Sucking Habit

Is thumbsucking normal?

Most children begin sucking their thumbs or fingers from a very young age, many even start while still they’re still in the womb! Sucking is a natural reflex in infants, related to breastfeeding, and serves an important purpose. Thumbsucking can also provide comfort and a sense of security. It can even be relaxing, which is why many children suck their thumbs as they fall asleep.

According to the American Dental Association, most children stop thumbsucking on their own between the ages of two and four. They simply out grow the habit. However, some children continue sucking their thumb beyond the preschool years. If your child is still sucking when their permanent teeth start to erupt, it is time to take action and break the habit. 

Sucking habits, with fingers or a pacifier, can cause what is called a “Crossbite.” This is when the upper teeth, or a single tooth, line up inside the lower teeth. 

How can I help my child quit thumbsucking?

Should you need to help your child end this habit, follow these guidelines:

  1. Always be supportive and positive. Instead of punishing your child for thumb sucking, give praise when they don't suck their thumb.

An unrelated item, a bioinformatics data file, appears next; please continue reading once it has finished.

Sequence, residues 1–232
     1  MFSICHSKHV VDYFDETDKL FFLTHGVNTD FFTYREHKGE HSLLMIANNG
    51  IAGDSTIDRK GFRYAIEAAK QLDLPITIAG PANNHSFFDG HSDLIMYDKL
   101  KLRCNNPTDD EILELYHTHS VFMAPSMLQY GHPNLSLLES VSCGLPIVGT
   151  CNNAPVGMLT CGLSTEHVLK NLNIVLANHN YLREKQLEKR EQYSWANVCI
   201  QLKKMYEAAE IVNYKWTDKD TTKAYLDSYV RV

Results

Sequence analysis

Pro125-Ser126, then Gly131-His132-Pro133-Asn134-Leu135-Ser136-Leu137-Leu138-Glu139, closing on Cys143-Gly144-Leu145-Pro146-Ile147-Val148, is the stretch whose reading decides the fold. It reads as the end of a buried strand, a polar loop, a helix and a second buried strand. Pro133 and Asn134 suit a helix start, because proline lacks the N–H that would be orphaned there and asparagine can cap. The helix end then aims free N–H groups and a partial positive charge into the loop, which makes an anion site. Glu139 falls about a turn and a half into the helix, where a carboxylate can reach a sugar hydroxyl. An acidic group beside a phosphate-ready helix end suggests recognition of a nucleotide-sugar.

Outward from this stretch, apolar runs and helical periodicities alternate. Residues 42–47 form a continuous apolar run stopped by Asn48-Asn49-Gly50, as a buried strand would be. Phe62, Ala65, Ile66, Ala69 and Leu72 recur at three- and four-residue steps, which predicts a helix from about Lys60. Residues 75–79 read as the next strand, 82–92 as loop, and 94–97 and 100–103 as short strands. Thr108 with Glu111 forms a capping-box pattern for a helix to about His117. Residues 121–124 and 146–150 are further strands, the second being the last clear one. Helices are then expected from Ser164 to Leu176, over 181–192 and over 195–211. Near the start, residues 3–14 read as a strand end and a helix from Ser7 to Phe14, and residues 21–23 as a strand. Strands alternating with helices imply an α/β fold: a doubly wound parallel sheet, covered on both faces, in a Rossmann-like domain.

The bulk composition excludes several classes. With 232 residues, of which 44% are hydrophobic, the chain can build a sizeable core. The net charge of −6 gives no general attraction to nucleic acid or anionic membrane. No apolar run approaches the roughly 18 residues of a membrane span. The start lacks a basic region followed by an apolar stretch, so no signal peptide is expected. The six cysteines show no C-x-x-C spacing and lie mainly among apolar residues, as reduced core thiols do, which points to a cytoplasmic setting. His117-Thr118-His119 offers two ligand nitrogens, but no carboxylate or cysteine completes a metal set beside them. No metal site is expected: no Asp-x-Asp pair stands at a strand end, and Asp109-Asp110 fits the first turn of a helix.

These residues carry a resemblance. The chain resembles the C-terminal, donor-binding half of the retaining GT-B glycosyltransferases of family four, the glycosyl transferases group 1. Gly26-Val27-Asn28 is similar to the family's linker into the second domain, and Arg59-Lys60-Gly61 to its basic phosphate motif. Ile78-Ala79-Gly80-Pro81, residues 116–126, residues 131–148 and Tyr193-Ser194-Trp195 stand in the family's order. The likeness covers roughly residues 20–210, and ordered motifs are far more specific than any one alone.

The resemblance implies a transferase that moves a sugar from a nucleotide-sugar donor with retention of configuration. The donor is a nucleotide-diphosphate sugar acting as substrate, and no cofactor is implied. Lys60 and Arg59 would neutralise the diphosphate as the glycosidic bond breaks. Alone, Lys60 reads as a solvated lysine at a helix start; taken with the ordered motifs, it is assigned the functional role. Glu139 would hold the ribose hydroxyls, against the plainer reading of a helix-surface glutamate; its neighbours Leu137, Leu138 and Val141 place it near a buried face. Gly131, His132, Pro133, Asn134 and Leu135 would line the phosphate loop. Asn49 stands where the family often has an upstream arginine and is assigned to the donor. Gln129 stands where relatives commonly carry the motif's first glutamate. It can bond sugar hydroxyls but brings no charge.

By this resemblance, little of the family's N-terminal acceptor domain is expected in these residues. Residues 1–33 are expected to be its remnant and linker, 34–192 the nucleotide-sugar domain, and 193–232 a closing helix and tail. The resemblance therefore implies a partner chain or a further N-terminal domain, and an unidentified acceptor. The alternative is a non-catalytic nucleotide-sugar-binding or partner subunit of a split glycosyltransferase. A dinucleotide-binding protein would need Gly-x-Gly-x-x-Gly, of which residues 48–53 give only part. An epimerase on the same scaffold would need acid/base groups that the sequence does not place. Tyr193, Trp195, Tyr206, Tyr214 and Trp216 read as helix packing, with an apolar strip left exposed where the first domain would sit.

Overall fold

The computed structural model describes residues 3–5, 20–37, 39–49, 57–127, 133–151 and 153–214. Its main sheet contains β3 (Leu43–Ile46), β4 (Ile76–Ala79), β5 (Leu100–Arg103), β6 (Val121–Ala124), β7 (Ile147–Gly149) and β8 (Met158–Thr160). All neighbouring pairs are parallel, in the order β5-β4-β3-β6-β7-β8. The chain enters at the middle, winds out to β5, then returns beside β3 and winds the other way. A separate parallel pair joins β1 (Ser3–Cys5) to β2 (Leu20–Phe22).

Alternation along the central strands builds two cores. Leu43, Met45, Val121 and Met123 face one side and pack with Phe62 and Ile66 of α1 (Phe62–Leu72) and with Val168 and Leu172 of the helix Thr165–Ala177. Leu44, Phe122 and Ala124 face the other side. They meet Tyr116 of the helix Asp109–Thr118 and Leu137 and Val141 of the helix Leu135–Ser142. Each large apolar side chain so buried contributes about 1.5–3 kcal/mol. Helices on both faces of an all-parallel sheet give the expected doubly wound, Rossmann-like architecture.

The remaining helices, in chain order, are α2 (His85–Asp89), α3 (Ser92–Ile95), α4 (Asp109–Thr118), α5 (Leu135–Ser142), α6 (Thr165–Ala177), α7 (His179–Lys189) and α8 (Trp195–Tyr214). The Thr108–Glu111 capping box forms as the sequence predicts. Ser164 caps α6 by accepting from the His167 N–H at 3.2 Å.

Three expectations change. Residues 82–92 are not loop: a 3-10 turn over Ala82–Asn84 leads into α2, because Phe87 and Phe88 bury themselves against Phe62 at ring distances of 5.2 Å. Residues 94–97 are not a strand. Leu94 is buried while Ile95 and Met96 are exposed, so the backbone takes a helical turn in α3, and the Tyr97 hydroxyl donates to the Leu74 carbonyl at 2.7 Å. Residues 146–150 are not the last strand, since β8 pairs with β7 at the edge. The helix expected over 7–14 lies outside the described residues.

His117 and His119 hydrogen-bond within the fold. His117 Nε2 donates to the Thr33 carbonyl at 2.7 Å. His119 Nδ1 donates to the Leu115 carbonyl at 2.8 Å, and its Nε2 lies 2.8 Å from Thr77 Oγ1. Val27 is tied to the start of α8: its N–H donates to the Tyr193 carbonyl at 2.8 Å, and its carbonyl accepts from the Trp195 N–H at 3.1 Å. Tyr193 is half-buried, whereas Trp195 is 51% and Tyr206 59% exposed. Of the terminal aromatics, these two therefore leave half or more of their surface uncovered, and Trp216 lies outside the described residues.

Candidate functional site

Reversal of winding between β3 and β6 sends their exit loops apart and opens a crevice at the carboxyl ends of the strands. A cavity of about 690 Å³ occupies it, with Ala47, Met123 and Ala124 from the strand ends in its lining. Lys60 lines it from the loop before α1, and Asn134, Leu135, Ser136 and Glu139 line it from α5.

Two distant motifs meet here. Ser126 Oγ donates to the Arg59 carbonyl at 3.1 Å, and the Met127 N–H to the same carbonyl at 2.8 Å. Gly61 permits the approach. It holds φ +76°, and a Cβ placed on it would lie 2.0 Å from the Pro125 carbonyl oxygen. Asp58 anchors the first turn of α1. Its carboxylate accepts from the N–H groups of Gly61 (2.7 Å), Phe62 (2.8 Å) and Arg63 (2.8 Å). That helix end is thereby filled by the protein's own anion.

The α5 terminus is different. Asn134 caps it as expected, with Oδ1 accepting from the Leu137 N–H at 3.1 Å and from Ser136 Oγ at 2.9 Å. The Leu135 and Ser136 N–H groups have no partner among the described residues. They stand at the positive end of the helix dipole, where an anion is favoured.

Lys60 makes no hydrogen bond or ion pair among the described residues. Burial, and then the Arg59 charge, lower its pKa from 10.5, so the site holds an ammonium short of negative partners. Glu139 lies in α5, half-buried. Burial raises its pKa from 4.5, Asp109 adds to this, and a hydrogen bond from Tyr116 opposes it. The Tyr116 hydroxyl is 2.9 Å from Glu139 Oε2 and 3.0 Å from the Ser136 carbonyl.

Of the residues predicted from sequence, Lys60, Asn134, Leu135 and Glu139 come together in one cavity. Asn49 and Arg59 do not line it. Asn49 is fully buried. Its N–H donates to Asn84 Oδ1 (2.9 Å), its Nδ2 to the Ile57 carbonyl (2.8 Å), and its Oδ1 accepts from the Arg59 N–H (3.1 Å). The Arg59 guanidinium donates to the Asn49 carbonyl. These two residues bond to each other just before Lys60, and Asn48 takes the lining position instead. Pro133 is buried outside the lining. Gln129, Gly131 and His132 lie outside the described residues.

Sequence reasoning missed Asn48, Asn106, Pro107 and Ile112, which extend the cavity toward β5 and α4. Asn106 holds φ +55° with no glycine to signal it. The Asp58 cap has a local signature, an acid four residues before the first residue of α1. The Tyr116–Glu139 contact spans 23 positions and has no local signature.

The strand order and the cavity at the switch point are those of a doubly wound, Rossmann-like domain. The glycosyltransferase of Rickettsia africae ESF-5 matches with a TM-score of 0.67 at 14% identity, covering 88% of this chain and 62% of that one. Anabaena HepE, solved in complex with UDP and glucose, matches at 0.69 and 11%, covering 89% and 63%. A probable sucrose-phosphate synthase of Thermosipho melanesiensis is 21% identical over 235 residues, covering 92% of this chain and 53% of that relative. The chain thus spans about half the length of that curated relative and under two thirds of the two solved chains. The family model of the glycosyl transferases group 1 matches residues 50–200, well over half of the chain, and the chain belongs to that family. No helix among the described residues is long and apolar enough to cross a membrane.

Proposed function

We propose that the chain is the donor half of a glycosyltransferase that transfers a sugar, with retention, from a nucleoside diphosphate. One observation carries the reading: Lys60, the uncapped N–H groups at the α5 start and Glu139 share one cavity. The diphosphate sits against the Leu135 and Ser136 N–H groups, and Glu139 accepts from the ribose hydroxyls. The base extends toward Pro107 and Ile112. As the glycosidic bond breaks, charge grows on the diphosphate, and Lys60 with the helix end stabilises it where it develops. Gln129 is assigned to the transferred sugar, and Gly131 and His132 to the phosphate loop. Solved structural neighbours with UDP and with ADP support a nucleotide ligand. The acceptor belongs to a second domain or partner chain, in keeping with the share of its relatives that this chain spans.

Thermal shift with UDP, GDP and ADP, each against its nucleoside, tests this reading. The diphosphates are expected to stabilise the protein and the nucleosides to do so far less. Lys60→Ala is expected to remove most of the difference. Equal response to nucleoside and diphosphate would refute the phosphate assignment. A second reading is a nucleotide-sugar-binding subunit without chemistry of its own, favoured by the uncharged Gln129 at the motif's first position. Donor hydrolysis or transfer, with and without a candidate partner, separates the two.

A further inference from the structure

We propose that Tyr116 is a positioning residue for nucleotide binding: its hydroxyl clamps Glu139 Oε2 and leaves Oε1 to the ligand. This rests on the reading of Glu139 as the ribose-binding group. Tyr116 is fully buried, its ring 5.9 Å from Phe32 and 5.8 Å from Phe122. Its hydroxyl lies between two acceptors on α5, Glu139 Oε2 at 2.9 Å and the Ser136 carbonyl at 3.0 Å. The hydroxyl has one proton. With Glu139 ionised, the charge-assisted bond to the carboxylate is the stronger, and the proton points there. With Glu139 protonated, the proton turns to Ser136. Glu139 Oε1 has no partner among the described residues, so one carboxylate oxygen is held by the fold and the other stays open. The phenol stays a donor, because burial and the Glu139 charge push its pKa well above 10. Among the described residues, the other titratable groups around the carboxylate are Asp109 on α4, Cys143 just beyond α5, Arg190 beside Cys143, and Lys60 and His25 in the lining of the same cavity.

2. Put a bandage on their thumb or a sock over their hand at night. Let them know that this isn't a punishment, just a way to remind them not to suck.
  3. Start a progress chart and let them put a sticker up for every day that they don't suck thier thumb. If they make it through a week without sucking, then they get to choose a prize (like a trip to the zoo, or a new set of blocks, etc.). When they've filled up a whole month, reward them with something great (like a ball glove, or a new video game). If your child can make it a month without sucking, the habit should be broken.
  4. If you notice your child sucking when they're anxious, focus on alleviating their anxiety rather than focusing on the thumb sucking.
  5. Take note of the times when your child tends to suck (long car rides, while watching movies) and create diversions during these occasions.
  6. Explain clearly what might happen to his teeth if he keeps sucking his thumb.

Whatever your method, always remember that your child needs your support and understanding during the process of breaking the habit of thumbsucking. Making your child an active participant in their treatment will only increase their willingness to break the habit.